Mark Paroz of Swing Dance Brisbane (which is sadly no more) described swing as "the punk of the '30s". Now we don't know if these were his own words or if he was quoting someone else, but either way, it's a brilliant description of swing. Swing was a new dance style, one which defiantly broke all the rules and refinement of the waltz which had preceded it as the respectable form of social dancing for over a century.
Rather than the elegant posture and demure grace of the waltz dances, swing was danced with a slouch, with wilfully ungainly leg lines, frequently holding onto your partner with only one or two lazy fingers. It had clear roots in the music and dance of black America, and its style of movement was thoroughly at odds with the propriety of anglo-american tradition. It was a street style, which was presumably met with great disparagement and disapproval from the educated classes.
Sounds like everything a teenager wants! This rebellious new style - both the music and the dance - laid the groundwork for rock'n'roll. The swing heritage is clearly evident in the rock'n'roll and jive styles of the 50s, and even at the partner dances of the disco era. A range of different swing styles emerged over the years and we teach two of them.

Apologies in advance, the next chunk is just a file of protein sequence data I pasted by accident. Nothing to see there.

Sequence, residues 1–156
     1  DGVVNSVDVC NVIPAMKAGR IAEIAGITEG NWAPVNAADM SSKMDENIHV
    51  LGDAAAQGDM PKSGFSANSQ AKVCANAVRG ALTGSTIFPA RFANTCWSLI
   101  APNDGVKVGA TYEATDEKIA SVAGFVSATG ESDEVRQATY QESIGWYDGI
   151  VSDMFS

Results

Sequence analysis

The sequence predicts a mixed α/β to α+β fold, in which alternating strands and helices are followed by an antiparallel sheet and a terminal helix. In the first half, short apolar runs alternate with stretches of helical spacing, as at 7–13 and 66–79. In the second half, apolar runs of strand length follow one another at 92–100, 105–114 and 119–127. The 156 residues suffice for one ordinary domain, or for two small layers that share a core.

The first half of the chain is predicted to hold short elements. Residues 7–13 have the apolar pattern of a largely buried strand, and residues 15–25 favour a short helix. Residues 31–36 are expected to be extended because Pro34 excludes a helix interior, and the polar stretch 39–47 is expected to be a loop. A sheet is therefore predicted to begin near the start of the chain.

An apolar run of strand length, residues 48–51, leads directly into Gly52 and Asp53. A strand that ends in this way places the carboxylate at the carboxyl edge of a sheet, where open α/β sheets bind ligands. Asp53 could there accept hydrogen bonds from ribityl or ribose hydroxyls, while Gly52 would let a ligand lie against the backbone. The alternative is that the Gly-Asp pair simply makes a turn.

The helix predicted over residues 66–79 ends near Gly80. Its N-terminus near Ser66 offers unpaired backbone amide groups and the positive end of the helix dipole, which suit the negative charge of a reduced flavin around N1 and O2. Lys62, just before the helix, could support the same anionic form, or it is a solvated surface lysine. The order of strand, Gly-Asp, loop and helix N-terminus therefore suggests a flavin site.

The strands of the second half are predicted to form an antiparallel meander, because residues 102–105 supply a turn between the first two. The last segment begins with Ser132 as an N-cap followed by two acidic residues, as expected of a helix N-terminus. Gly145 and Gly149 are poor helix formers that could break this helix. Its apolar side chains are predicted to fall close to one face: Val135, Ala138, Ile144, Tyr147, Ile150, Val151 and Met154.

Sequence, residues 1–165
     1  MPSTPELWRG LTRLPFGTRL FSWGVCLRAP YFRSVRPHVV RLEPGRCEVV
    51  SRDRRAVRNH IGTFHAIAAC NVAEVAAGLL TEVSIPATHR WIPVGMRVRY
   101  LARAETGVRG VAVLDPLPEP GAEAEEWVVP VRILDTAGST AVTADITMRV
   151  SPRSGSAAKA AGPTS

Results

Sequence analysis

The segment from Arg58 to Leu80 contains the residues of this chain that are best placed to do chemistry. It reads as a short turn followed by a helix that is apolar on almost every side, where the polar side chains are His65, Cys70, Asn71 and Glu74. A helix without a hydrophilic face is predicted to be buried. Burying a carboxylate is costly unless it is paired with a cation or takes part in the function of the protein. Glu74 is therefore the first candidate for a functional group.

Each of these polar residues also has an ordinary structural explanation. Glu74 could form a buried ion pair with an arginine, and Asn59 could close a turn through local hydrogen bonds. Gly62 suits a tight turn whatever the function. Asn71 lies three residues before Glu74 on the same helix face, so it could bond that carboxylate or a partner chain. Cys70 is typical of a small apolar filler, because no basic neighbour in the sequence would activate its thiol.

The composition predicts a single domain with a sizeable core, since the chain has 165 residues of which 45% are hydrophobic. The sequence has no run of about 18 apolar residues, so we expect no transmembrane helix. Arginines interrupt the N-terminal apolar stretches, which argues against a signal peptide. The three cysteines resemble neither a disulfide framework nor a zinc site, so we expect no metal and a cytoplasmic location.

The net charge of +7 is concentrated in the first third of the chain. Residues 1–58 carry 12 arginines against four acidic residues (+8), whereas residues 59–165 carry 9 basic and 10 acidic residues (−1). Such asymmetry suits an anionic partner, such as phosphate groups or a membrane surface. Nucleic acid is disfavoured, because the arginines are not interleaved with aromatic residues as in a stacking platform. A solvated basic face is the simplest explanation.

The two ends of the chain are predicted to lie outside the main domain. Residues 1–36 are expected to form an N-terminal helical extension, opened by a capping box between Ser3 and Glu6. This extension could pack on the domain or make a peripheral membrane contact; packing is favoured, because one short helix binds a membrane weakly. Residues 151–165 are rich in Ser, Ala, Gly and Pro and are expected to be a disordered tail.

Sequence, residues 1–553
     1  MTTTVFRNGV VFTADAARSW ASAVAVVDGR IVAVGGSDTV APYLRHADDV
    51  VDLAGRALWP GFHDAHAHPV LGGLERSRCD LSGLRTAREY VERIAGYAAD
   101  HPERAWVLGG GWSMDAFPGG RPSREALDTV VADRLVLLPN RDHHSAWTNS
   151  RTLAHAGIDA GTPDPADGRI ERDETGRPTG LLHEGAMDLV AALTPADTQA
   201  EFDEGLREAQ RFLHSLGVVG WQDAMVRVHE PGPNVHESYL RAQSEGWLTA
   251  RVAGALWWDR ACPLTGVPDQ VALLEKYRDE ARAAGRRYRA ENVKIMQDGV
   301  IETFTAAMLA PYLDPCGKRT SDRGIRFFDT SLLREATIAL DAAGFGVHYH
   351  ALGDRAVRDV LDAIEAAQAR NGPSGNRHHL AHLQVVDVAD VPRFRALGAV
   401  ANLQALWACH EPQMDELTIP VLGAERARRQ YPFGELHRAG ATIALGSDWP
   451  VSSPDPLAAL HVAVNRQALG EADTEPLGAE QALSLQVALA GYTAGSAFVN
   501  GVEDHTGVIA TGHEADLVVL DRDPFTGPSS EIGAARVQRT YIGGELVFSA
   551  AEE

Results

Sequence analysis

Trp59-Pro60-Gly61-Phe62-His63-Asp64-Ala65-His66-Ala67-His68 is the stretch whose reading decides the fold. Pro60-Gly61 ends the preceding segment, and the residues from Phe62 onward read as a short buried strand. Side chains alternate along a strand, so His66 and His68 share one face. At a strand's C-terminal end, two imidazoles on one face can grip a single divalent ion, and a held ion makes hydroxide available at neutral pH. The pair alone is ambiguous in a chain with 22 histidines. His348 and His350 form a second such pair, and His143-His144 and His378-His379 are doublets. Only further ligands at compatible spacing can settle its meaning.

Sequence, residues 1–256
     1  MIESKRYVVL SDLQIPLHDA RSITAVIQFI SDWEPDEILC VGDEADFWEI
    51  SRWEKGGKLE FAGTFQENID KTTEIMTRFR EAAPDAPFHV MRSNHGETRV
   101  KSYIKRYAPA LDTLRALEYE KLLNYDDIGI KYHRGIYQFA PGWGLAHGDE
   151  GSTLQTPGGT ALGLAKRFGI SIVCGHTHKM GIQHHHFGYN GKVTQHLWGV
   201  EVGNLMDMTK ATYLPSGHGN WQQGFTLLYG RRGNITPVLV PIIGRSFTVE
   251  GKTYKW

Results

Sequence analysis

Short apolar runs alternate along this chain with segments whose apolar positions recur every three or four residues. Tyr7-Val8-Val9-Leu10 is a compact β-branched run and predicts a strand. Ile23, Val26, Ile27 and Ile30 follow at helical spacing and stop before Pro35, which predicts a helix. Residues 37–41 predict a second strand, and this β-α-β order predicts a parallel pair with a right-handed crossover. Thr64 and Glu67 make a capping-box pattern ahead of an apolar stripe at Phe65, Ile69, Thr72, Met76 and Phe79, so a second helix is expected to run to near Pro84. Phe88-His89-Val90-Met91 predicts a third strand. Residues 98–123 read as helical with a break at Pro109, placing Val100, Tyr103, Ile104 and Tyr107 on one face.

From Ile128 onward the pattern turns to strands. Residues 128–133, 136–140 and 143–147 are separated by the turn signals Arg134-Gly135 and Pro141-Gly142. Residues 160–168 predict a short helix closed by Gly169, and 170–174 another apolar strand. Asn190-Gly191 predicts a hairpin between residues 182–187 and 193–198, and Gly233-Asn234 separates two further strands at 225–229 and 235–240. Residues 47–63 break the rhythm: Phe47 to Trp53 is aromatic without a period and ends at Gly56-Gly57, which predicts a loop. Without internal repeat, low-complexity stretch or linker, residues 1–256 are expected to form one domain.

East coast swing is a relaxed style suited to mid-paced swing music. (Danced much faster with a more upright posture and some tweaks to leg styling, a similar set of patterns becomes Jive.) The partners turn around each other, moving apart and together with underarm turns and hand changes.
Single swing is useful for much faster music. The step patterns are similar to those of east coast swing, but the footwork is simplified to accommodate the speed.